This past weekend I had the opportunity to travel to the beautiful cities of Venice and Verona. Each city celebrated a particular holiday, which made for an exciting weekend.
Venice, Italy | The Venice Carnival
The Venice Carnival is a celebration leading up to the Christian season of Lent. Every year, people from all over the world visit Venice at this time of the year for its beauty and for the carnival, of course.
Venice is a three hour bus ride from Florence along with a 15 minute water taxi. We excitedly watched out the windows as the taxi made its way to Venice’s largest island. The views were gorgeous, even on a cloudy day. Brightly colored buildings of white, yellow, and reddish-orange complimented the teal water perfectly. I couldn’t get over how clean and pretty the water actually was since the river back in Florence typically looks grey.
Google Maps highlights Venice; we explored the main island shown here. Fun fact: Venice has 118 islands that were built on platforms reaching to the ground, which are connected by many canals and bridges. Read more about it here.
My view from the window of the water taxi.
My first impression of the island was of the gorgeous buildings and canals throughout the city. Every bridge we crossed looked just like the pictures. A bit crowded this weekend due to the carnival, but the atmosphere during this time was something special.
The city is famous for not only the canals, but also for glass blowing. Our first stop was a Venetian glass blowing tour at the Vecchia Murano Glass Factory. A worker made a glass figure in front of our tour group from start to finish (see pictures below).
The glass blower forms a shape with one of many different metal tools.
The finished product. He was very proud of his glass sculpture, whatever it may be.
The Venice Carnival is known for elaborate masks, which is why every kiosk we passed had an impressive supply of them. Walking throughout Venice, we spotted several families, couples, and groups dressed with different designs of masks. In celebration of the Venice Carnival, my roommates and I bought inexpensive masks and were able to wear them around and blend into the crowds.
This close up of a full face mask shows some of the detail these masks carry.
Displaying our colorful masks at the carnival.
Of course, one can’t visit Venice without taking a gondola ride. Our gondolier, Fabio, was fabulous. Dressed to the nines, this nice man gave us a small tour of the buildings and structures we passed by. He had us make a wish while we passed under the infamous bridge, and pointed out Marco Polo’s house as well as a house from one of the James bond’s movies. It was the best money I’ve spent so far in my travels! I absolutely recommend making a trip to Venice, the sights and activities are well worth it.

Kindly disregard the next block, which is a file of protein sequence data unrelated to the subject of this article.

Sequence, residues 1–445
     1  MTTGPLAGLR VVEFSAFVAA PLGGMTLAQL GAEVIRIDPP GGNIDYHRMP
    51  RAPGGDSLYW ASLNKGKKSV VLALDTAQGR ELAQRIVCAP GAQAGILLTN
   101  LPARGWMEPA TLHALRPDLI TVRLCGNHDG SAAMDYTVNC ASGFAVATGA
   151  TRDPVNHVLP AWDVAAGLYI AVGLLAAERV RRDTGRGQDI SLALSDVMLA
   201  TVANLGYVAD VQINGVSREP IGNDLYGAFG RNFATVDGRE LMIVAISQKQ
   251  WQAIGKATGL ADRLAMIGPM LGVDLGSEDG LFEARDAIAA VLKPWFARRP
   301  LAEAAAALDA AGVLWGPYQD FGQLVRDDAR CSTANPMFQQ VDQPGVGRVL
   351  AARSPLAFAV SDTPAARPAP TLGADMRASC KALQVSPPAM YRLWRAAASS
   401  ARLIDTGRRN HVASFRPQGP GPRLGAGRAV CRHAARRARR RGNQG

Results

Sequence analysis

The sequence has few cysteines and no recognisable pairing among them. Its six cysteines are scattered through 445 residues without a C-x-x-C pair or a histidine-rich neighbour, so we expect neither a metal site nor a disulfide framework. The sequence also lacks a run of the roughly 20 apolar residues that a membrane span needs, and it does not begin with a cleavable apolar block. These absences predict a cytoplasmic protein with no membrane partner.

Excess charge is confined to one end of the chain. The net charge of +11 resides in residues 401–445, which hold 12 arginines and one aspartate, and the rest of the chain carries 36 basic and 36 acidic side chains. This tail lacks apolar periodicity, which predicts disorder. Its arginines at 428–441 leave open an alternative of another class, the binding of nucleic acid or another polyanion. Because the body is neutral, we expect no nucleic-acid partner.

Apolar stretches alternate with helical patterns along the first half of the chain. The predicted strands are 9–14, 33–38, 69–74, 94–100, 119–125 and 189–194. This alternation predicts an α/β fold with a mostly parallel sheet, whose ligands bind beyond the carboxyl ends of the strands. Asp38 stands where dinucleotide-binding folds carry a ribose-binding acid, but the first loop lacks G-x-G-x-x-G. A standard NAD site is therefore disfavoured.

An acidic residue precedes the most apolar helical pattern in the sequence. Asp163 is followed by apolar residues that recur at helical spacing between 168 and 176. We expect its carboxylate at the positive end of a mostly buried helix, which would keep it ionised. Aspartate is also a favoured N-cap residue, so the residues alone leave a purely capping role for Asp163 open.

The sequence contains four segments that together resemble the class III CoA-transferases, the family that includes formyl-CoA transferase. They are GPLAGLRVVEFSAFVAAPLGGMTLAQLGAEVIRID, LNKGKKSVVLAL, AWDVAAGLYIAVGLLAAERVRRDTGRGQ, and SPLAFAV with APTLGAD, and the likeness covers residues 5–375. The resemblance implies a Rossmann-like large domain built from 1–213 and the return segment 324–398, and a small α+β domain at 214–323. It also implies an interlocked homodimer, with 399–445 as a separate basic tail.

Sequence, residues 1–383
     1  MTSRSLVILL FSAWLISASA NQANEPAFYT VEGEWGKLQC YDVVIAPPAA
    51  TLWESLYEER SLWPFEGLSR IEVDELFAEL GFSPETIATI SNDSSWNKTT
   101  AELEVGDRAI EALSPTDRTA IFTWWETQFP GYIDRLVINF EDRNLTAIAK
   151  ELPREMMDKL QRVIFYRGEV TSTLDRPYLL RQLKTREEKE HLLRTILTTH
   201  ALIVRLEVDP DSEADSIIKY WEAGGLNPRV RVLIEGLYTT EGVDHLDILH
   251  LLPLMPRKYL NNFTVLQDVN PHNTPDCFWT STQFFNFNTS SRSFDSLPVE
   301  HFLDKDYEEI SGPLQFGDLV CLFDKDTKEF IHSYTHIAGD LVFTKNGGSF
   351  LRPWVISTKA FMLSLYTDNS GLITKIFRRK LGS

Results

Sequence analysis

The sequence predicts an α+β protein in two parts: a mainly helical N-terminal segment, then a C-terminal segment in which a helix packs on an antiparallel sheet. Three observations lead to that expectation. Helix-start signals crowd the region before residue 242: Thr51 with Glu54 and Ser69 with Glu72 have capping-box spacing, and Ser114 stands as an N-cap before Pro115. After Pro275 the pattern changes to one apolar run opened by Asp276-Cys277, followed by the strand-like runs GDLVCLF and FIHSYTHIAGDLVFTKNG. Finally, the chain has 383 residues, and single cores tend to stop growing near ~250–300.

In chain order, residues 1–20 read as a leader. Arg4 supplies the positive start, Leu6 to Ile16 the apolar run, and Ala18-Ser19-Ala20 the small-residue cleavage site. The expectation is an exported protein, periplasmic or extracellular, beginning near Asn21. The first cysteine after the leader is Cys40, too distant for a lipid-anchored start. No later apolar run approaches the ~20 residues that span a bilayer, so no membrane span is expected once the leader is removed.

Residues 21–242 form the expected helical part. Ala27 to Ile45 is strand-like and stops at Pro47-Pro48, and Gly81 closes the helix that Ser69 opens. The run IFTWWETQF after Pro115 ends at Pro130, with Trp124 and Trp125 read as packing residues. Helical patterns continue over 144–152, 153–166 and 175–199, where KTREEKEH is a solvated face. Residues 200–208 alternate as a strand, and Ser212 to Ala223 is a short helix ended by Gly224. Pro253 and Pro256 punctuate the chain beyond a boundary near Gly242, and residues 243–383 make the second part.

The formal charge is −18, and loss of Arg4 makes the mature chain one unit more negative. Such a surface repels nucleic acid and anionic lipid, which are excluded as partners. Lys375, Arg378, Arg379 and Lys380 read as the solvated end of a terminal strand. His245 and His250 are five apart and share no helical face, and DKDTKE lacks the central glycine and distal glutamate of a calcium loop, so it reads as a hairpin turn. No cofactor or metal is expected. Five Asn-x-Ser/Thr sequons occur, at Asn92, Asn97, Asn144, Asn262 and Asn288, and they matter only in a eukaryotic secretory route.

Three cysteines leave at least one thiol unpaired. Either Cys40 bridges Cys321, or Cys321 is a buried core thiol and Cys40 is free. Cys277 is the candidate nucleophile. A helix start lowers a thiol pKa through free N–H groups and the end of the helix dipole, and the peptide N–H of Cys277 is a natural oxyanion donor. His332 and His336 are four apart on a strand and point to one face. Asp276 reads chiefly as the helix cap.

All of the roommates enjoying our gondola ride. Picture credit: Fabio
Me, taking it all in.
The views from the gondola were absolutely amazing.
Last but not least, our gondolier, Fabio.
Verona, Italy | St. Valentine’s Day
When in Italy – there is no better way to celebrate Valentine’s Day weekend than making a trip to the city of love. We arrived in an upbeat atmosphere as a band played for the Valentine’s decathlon participants as they crossed the finish line. Pink and red hearts attached to each light pole lined the square, a truck with a picture perfect background of a heart made up of roses sat near the band, and food trucks were placed throughout the area.
For our first stop, my roommates and I went on a brief walking tour of the city. We were shown Juliet’s grave, Romeo’s house, Juliet’s house and balcony, some incredible views, and the Verona square. The tour itself took no longer than an hour because the city is extremely small. We took off on our own after the tour and found an outdoor seating restaurant with a view of the arena (similar to Rome’s colosseum).
Taking in some more amazing views across the river in Verona.
The Verona in Love festival attracts tourists and locals from all over and is also quite family friendly. In one of the city’s squares sits a giant red heart, lined with booths selling chocolate, jewelry, gifts, and anything else one may need on Valentine’s day. I bought a cup of strawberries with chocolate and whipped cream, delicious! Towards the end of the day, a band played live music in the square, singing both in Italian and in English. An odd observation I made from the crowd was that no one danced, sang or took pictures during the performances, which is much different than we’re used to in America. My roommates and I quietly danced to the few songs we recognized, then had to catch our bus ride back to Florence.
Fresh strawberries “fragole fresche” at the chocolate festival.
Slightly blurry, this is my strawberry and chocolate treat with the chocolate fountain in the background.
The top of the heart-shape; the entire heart can only be seen from high up. Booths outline the shape of the heart.
One of many jewelry booths set up in the square.
This picture captures the beautiful architecture of the buildings in Verona, the Italian flag, and the venue for the live band.